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Fixing IT Requires CIO and CxO Joint Effort (but mostly CIO)

CIOs can lead the charge

wrench1-300x239In organizations in which the organizational dynamic are skewed against the CIO, the CIO has an uphill battle to fight and must take a number of important steps to begin repairing the rift and ensuring that IT is viewed as an equal and capable business partner.  But, CIOs can’t always go it alone.  Repairing a deep rift in any relationship requires efforts from both sides of the equation.

That said, the CIO has it within his or her power to start the process.  But first, the CIO has to understand how the business views IT so that appropriate mediation actions can be taken.

“The help desk is a black hole”

I’ve heard this and most CIOs at some point in their career have heard this.  Here’s the problem: The perception is that, if the CIO can’t even get the basic support services functioning properly, what hope is there for doing anything more substantial?  In these cases, the CIO must ensure that he is hiring qualified support professionals with excellent customer service skills and building processes that ensure that the most critical requests are being handled, but that ultimately, all of them are being handled.  Alternatively, the CIO may choose to outsource the frontline support function to a company that specializes in these kinds of activities.  However he goes about it, the CIO has to get this part right.

In addition, CIOs need to make sure that IT isn’t intentionally separating itself from the rest of the organization.  I have seen IT organizations that, literally, hide behind a closed door accessible only with an authorized keycard.  The only way that users – anyone in the organization – could interact with IT was by setting an appointment through the help desk.  While I believe that IT needs to make sure that it can focus on critical tasks, all IT staff need to bear in mind that they have coworkers elsewhere in the company.

 “IT doesn’t ever address our needs” or “IT is too slow”

Many organizations have experienced the rise of “shadow IT” over the years.  The reason is simple: As IT fails to meet user and organizational needs, users and business units build their own solutions.  Shadow IT services – when they go unfettered – can create significant issues, including:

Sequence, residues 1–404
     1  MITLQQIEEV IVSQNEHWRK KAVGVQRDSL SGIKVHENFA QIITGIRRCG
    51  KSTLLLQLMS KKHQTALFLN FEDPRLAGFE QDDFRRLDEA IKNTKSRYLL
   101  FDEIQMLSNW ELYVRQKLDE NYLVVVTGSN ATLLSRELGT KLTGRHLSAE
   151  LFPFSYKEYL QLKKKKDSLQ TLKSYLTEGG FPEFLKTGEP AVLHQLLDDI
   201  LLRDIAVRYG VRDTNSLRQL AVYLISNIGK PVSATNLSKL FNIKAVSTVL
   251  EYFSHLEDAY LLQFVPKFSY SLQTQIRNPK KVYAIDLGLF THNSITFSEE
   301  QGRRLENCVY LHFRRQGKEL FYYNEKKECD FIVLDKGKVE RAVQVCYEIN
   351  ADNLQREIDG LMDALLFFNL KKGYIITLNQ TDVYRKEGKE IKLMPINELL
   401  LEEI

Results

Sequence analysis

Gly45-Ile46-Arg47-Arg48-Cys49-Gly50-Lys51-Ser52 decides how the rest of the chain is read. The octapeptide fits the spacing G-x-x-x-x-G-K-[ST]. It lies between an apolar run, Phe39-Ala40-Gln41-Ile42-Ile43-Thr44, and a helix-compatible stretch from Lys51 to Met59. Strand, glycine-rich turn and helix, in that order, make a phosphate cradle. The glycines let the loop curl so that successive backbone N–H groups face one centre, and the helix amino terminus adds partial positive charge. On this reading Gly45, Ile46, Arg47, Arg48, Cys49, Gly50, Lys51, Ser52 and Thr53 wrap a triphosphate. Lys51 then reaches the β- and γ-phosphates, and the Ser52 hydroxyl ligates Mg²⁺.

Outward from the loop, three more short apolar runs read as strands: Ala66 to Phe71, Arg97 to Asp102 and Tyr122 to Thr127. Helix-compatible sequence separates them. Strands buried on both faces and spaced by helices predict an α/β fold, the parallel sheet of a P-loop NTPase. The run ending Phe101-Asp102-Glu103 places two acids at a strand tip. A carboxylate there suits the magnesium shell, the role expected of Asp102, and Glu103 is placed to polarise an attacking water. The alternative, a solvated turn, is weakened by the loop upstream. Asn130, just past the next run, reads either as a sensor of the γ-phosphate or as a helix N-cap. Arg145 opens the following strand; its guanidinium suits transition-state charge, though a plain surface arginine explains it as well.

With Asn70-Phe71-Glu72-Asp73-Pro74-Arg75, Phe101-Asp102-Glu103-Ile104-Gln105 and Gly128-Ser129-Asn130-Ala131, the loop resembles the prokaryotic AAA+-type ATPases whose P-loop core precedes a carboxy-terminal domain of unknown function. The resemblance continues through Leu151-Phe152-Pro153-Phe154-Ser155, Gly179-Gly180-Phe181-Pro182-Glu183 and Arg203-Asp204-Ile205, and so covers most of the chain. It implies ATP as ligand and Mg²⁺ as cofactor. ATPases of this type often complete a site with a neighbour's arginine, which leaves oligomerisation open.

• Additional costs as overlapping services are acquired.
  • Additional risk as potentially inconsistent methods are used to gauge new service risk.
  • Increased potential for data corruption as business units all try to hook into centralized resources without coordination.

As is the case with other resources, IT resources are finite.  And like other resources, there needs to be a mechanism by which those finite resources are allocated.  If one doesn’t exist, CIOs need to work with senior leadership on two initiatives:

  • Implementation of an overarching IT governance structure.  This structure must be created in partnership with the rest of the senior leadership team.
  • Implementation of a project portfolio management mechanism and formal project management methodologies.  This ensures that the right projects are being worked on at the right times and that there is general agreement on project funding and priorities.  In addition, the right methodologies bring transparency to what can otherwise be an opaque process.

These are items that are foundational to building credibility.  Without them, the CIO may not be seen as generally capable as IT remains challenged by the basics.  However, implementing broad governance and portfolio management efforts will require partnerships with the CEO and executive team.

Where the CIO can lead